Mercury is toxic, showing up in water and the fish we eat to the point where pregnant women are advised against eating certain top-level fish, namely shark, swordfish, king mackerel and tilefish.
Researchers at Northwestern University and the Ecole Polytechnique Fédérale de Lausanne, led by Eun Sun Cho and Bartosz Grzybowski, have developed a nanoparticle system sensitive enough to pick up even tiny levels of heavy metals.
The nanoparticles are laid on a strip of glass between two gold electrodes. The nanoparticles are also gold, but are coated with mixtures of organic molecules -- n-hexanethiol and alkanethiols that end with ethylene glycol groups, for aficionados. The organic molecules have a "hairy" structure that traps positively charged ions.
When a current is sent across the nanoparticles, the voltage indicates the concentration of whatever chemical one is trying to measure, because the positive ions conduct electricity. The technique is very sensitive since ions will have differing resistances depending on what elements they are.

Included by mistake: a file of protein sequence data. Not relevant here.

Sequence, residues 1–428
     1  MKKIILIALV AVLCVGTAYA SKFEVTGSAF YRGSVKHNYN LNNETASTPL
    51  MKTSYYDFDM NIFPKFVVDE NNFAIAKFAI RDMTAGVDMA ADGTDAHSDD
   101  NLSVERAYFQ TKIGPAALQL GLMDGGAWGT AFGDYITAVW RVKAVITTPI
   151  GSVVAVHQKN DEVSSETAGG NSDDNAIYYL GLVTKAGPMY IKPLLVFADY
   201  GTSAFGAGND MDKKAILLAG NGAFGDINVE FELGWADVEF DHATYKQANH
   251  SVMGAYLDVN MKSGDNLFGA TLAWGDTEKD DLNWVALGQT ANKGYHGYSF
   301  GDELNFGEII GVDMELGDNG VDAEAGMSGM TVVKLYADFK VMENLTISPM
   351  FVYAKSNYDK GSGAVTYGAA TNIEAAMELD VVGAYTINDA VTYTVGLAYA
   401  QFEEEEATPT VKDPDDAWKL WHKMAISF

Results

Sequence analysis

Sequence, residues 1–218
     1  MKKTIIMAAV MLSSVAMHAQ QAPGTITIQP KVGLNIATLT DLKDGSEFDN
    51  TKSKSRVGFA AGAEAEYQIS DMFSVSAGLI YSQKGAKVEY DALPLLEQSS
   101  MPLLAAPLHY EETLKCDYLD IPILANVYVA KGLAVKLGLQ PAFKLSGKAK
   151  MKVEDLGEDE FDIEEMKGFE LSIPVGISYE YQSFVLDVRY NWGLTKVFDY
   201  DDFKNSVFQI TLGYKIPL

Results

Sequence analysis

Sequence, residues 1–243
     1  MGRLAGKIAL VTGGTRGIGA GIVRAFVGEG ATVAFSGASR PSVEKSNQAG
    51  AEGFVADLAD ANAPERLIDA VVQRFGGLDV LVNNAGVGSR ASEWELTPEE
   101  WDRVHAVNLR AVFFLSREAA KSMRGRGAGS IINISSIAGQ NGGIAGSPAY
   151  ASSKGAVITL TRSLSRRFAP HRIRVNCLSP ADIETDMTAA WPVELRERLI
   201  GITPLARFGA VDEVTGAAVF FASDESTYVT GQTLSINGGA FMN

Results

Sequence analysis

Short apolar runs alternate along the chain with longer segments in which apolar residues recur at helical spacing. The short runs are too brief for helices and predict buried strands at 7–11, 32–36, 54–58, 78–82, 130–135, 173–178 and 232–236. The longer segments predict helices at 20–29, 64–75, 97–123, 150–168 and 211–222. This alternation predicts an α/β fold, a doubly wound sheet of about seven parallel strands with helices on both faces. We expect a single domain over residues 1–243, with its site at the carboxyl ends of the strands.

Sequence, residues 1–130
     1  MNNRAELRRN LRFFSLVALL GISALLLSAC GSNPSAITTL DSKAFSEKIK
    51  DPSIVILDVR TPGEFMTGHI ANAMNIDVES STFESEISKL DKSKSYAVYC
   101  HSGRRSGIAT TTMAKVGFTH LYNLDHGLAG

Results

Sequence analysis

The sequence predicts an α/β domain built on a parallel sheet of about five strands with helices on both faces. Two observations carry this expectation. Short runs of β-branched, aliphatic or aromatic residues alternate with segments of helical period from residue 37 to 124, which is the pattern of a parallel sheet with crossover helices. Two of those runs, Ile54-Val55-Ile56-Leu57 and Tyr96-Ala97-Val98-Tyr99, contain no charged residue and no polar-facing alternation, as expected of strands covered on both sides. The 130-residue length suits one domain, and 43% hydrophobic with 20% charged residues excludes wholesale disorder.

In this case, the team tested the device on methylmercury (CH3Hg+), cadmium and zinc. In the paper describing the experiments, they say they could pick up concentrations as small as one in one billion billion.
The sensitivity is an important point. Most common detection methods can't see mercury in concentrations less than about one part per trillion.
That may sound like a tiny bit, but even small amounts of methylmercury can add up over time if people keep ingesting it. Mercury stays in the body for long periods, and is concentrated in the bodies of fish as it moves up the food chain. Mercury also gets into the water from industrial runoff and burning coal (one of the biggest sources).
Grzybowski and his team say the nanoparticle film costs only about $10 to make. The devices for measuring the current flow across it are more expensive, but if this can be widely disseminated, then the one-time cost matters less.
The nanoparticle experiments appeared in the Sept. 9 issue of Nature Materials.